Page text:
NBA Awards Go to . . .

By Michael Wilbon
Thursday, April 17, 2008

You don't need any kind of statistical formula to determine the NBA's most valuable player this season. You don't need plus-minus rating or an MVP index. You don't need to deal with scoring and rebounding leaders or triple-doubles or even victory differential.

The regular season that concluded last night will be remembered primarily for having the deepest and most competitive conference field in league history. Only three games separate the top six teams in the Western Conference, and at the top of the heap, by however narrow the margin, sit the Los Angeles Lakers. Winning that race, in my book, makes Kobe Bryant, for the first time in his career, the league MVP.

Until now, Bryant might have been the most outstanding player; certainly he has been the most fabulous and most artistic player . . . but not the most valuable. He wasn't a good enough teammate . . . until now. It's been the only weakness in his game, though a glaring one, until this season. But after years of post-Shaq postseason failure and a summer of contentious trade demands, Bryant had a revelation. He and nobody else had to lead the Lakers if they were going to be championship contenders again. And he did. For the first time in his career he was, night in and night out, a great teammate, more encouraging, more patient, more tolerant, more selfless than he had ever been or probably thought he could be. As helpful as the acquisition of Pau Gasol was, it couldn't have gone so smoothly without Bryant embracing Gasol and taking the lead to incorporate him into the team.

Late Tuesday night, after the Lakers had beaten Sacramento to wrap up the No. 1 spot in the Western Conference, Kings Coach Reggie Theus said quite simply, "This has been Kobe's best year as a teammate."

The players, the coaches, pretty much everybody in the Lakers' organization started the year thinking this could be a miserable season and Kobe turned it into something of a dream season. Okay, the No. 1 seed guarantees you nothing in the Western Conference this year. While the Lakers will be favored, they will have to go through an eighth-seeded Denver team with Allen Iverson and Carmelo Anthony. But this is a regular season award exclusively, and Bryant led his team to the most impressive achievement of the regular season: winning the West.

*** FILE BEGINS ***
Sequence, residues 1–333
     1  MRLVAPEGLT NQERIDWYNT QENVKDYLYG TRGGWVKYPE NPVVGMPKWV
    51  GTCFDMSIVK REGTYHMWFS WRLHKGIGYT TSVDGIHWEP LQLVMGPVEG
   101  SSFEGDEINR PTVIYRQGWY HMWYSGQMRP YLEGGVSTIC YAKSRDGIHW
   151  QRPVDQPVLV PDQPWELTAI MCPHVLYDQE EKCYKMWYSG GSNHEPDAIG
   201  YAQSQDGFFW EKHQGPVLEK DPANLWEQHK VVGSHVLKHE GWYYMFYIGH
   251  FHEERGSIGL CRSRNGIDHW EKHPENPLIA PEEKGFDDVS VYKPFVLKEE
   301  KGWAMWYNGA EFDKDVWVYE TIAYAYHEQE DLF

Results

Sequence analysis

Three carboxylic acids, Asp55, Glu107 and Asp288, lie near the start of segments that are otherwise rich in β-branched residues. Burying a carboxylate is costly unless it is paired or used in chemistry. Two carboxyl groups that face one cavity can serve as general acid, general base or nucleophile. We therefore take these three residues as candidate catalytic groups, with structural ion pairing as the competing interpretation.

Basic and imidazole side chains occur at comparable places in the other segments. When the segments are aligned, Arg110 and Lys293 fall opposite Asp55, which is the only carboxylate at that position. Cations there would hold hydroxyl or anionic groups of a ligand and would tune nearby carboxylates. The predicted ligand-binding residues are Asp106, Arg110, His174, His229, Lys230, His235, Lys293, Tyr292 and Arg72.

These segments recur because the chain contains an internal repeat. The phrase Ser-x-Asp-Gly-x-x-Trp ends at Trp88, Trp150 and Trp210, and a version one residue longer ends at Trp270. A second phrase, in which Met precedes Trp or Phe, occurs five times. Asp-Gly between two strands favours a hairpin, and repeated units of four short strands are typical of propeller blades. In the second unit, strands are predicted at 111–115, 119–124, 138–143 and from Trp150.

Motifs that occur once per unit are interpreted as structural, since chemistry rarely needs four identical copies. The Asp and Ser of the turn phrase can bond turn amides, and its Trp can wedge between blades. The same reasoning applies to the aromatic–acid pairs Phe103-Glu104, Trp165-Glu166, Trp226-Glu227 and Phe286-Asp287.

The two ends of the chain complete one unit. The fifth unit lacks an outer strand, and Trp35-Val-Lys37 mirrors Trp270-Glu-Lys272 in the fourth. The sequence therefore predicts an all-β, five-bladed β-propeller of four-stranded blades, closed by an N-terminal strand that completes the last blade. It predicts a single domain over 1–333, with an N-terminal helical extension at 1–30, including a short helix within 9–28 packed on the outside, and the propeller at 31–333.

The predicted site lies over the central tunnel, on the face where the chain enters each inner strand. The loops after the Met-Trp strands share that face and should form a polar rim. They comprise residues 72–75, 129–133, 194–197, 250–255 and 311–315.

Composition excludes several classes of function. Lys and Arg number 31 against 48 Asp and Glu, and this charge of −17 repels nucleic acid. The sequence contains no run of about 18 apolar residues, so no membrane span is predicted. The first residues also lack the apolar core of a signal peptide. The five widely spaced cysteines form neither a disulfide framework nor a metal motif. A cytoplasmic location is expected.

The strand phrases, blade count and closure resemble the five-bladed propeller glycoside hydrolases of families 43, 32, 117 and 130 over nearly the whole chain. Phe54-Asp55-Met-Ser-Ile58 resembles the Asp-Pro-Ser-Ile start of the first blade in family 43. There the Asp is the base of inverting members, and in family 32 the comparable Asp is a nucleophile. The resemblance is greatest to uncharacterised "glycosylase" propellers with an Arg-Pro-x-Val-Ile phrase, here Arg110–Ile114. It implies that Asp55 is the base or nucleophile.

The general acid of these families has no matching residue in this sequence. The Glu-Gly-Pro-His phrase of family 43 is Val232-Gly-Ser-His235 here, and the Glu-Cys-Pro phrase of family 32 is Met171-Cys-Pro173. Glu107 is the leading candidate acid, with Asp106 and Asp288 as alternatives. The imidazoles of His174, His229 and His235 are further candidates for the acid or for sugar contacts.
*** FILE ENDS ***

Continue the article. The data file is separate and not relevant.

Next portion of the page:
For weeks, while the New Orleans Hornets sat atop that conference, I said the MVP, at the time, was Chris Paul. He's the best point guard in the league, period. If somebody had said the Hornets would finish with the second-best record in the toughest conference ever, that statement would have been met with laughter. Paul has a nice running mate in David West but no proven beast of a veteran teammate. Tyson Chandler dunks and rebounds like Wilt some nights, and it's only because of the sublime way Paul sets him up. The Hornets, at times, went schoolyard bully on the Spurs and Suns.

So why Bryant over Paul?

The final eight days of the season. The Hornets suffered a bad loss to Utah in New Orleans, lost to the Lakers and lost at lottery-bound Sacramento.

Yes, we're splitting hairs. But in a race this close, that's what it comes down to. Bryant's team overtook Paul's team at the wire, and won the West . . . and the MVP.

What about Kevin Garnett, who returned the Boston Celtics to prominence with the greatest single-season turnaround in NBA history?